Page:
"In mice, this single insult to the mother translates into autism-related behavioral abnormalities and neuropathologies in the offspring," says Elaine Hsiao, a graduate student in Patterson's lab and lead author of the PNAS paper.
The team found that the offspring exhibit the core behavioral symptoms associated with autism spectrum disorderrepetitive or stereotyped behaviors, decreased social interactions, and impaired communication. In mice, this translates to such behaviors as compulsively burying marbles placed in their cage, excessively self grooming, choosing to spend time alone or with a toy rather than interacting with a new mouse, or vocalizing ultrasonically less often or in an altered way compared to typical mice.
Next, the researchers characterized the immune system of the offspring of mothers that had been infected and found that the offspring display a number of immune changes. Some of those changes parallel those seen in people with autism, including decreased levels of regulatory T cells, which play a key role in suppressing the immune response. Taken together, the observed immune alterations add up to an immune system in overdriveone that promotes inflammation.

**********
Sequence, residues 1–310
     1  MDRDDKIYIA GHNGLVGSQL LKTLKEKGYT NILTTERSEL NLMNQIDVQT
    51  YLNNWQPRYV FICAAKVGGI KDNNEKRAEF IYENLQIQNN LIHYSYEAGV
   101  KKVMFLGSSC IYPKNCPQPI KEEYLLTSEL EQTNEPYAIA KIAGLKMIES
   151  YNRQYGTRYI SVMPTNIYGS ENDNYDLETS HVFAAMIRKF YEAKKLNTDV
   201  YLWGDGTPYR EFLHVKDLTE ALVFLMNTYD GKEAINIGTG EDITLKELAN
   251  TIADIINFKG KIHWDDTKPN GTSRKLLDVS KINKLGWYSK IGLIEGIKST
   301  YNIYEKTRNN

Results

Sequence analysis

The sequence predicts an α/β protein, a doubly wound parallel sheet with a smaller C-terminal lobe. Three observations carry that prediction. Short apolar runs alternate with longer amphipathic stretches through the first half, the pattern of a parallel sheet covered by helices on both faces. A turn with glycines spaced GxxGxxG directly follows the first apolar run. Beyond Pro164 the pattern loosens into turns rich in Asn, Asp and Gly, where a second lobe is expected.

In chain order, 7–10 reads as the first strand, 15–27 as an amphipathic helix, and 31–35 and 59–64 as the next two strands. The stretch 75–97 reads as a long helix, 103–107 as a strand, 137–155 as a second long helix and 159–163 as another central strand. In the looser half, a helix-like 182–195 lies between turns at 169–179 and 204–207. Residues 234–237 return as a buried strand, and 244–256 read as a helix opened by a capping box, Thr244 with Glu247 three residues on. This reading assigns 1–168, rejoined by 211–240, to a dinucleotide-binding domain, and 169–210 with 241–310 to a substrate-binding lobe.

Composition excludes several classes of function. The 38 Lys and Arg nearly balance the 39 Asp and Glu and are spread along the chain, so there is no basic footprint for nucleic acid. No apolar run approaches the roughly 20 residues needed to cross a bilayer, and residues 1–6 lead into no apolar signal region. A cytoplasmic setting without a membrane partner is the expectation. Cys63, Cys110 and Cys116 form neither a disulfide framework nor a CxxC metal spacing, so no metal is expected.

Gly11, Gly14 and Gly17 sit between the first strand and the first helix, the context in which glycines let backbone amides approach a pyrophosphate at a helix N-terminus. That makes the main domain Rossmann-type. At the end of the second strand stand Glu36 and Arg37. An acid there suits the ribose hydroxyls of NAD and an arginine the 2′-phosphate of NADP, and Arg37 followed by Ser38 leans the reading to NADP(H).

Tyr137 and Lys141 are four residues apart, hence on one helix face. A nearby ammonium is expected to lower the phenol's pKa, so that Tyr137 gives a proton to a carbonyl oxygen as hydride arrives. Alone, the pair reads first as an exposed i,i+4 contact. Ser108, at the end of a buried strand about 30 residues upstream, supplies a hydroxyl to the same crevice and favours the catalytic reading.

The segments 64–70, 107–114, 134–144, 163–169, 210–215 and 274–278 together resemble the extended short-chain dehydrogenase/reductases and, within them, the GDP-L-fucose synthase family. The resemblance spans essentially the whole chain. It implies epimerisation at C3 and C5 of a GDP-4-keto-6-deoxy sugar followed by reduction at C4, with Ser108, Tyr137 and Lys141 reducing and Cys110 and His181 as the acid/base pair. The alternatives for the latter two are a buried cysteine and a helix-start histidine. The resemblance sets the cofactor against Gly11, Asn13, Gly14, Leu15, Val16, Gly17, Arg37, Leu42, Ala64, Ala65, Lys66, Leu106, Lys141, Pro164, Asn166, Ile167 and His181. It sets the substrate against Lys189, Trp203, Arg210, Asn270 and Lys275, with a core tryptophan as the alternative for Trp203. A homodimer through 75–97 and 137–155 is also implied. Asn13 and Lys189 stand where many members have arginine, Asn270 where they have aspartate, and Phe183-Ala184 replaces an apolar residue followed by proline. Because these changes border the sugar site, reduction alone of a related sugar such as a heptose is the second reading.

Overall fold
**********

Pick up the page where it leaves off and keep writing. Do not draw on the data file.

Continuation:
"Remarkably, we saw these immune abnormalities in both young and adult offspring of immune-activated mothers," Hsiao says. "This tells us that a prenatal challenge can result in long-term consequences for health and development."
With the mouse model established, the group was then able to test whether the offspring's immune problems contribute to their autism-related behaviors. In a revealing test of this hypothesis, the researchers were able to correct many of the autism-like behaviors in the offspring of immune-activated mothers by giving the offspring a bone-marrow transplant from typical mice. The normal stem cells in the transplanted bone marrow not only replenished the immune system of the host animals but altered their autism-like b
|Contact: Deborah Williams-Hedges|
California Institute of Technology